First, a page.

Embracing vulnerability: Witnessing a beautiful moment of healing in a mental health ward

For those who may not know, I work in a London mental health ward. I am writing this post to share a beautiful moment that occurred yesterday.

The protagonist of this story is a man named K., who is a likable 40-year-old with dreadlocks, black, and a cannabis user since he was 10 years old. He suffers from depression. Last night, just before going to bed, he picked up his guitar and started playing a few songs. His last song was a Bob Marley song, to which he bears a striking resemblance.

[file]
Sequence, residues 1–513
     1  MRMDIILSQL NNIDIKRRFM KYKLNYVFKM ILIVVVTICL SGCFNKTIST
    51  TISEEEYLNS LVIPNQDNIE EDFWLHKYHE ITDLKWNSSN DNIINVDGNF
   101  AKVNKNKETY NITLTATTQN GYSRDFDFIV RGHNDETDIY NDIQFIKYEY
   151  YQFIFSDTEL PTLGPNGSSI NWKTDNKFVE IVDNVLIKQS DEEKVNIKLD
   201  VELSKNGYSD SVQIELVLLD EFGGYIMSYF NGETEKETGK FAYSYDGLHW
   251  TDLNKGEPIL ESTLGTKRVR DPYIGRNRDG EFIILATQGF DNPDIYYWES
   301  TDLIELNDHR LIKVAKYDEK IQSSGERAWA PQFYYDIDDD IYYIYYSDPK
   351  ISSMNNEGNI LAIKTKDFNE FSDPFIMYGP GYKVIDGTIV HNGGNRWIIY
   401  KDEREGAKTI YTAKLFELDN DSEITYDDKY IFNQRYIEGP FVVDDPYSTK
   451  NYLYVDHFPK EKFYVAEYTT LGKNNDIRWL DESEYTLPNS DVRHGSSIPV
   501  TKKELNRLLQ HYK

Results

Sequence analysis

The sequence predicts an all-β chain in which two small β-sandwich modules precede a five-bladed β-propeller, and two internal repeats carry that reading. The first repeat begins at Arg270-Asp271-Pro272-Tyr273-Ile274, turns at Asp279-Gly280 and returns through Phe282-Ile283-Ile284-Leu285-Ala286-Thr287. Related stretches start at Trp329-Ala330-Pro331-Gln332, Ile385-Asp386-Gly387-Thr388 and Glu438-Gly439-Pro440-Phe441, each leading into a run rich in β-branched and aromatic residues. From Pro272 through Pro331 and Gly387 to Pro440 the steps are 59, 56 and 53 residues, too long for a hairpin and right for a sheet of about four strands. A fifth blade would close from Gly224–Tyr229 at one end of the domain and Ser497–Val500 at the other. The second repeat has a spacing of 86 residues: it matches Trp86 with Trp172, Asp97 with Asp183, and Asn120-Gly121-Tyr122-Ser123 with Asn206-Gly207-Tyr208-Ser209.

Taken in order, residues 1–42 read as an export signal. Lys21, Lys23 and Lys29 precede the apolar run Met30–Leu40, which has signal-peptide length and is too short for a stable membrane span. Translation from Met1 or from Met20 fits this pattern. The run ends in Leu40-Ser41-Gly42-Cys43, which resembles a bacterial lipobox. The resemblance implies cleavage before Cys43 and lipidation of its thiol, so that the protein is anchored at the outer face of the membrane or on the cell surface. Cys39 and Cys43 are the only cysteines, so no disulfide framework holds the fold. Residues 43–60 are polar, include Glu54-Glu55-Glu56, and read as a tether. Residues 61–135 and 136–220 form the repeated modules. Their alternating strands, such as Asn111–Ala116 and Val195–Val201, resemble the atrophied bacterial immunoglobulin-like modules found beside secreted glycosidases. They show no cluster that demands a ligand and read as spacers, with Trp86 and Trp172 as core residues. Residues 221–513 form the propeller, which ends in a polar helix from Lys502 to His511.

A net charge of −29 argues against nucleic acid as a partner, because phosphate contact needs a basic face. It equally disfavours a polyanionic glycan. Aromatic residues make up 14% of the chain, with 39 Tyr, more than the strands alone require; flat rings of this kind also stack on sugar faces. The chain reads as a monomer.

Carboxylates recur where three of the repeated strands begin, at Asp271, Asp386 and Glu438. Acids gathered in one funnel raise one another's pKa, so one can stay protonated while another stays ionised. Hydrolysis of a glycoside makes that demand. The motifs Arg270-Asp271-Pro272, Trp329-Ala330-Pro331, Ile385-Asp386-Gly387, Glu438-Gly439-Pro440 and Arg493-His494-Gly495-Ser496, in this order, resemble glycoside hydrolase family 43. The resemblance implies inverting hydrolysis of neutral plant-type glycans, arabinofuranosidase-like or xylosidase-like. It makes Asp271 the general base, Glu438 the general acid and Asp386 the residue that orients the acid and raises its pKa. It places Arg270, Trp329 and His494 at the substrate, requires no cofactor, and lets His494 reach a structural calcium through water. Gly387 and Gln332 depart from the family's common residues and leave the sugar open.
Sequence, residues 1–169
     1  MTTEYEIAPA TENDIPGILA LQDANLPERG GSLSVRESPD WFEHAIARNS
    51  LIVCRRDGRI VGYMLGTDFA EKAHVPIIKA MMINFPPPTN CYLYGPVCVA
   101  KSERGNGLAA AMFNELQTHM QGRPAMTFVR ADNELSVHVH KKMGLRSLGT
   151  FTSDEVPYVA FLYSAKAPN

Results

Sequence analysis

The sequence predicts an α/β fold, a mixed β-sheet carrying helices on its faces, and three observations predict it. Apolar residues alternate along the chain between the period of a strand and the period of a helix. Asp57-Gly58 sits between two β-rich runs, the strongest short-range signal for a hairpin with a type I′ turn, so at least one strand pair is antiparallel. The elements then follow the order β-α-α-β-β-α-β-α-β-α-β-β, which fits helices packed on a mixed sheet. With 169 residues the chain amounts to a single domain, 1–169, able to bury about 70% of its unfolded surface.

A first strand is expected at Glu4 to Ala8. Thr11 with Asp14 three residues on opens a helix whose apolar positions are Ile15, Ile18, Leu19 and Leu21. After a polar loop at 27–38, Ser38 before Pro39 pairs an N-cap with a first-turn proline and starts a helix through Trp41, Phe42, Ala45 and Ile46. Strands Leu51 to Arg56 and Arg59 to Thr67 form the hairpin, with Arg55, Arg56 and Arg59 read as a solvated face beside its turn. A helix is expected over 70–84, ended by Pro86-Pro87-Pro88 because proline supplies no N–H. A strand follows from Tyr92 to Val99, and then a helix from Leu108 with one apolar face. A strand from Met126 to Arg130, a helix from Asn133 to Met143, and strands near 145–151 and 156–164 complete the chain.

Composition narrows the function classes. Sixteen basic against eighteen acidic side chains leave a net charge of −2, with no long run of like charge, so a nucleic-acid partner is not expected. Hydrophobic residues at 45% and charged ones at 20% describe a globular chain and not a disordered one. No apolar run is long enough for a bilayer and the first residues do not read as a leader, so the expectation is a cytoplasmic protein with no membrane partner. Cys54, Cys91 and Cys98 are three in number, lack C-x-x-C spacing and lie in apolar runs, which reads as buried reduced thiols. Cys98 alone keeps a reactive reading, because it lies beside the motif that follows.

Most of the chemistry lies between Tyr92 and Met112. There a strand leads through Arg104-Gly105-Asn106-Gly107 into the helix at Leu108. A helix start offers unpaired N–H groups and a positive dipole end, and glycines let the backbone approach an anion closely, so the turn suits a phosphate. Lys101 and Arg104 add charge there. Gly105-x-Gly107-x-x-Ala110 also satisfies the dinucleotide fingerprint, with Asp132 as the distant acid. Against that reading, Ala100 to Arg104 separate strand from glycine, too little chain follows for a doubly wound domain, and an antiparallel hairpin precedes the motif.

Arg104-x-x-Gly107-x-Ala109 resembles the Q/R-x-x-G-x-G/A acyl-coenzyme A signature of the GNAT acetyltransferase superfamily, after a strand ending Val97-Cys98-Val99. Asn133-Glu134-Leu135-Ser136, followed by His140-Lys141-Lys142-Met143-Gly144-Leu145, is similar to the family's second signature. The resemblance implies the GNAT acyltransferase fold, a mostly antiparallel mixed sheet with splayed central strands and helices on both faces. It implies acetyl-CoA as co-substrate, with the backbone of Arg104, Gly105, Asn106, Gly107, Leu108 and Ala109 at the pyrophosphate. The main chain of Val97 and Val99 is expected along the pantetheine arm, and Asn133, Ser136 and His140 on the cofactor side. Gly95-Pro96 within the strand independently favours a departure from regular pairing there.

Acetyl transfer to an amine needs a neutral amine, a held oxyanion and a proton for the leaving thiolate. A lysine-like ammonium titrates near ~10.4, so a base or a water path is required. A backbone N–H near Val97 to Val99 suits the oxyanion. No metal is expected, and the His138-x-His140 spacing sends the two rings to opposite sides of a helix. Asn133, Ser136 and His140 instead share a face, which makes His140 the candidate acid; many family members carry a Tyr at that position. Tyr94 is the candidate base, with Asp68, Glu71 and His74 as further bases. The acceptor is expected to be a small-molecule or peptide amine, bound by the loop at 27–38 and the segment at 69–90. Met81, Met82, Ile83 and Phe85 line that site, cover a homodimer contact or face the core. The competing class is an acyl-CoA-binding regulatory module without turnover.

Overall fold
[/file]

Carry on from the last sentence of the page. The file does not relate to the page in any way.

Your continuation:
The song was “Redemption Song.”

Marley wrote this song after being diagnosed with cancer and while going through a period of intense pain and psychological turmoil. This song was completely different from his other ones; it was an acoustic ballad without a trace of reggae rhythm.

The way K. played the guitar and sang the lyrics “Emancipate yourselves from mental slavery; none but ourselves can free our minds” was an open window into his soul. Through this window, I could see the tormented Marley, but also many other tormented people, like most of our patients, who had now gathered around K. and were listening to him with their eyes closed, swaying to the melody.

I looked around and captured the moment. I locked it in my mind forever, so that I could relive it during difficult times and remember that none but ourselves can free our minds.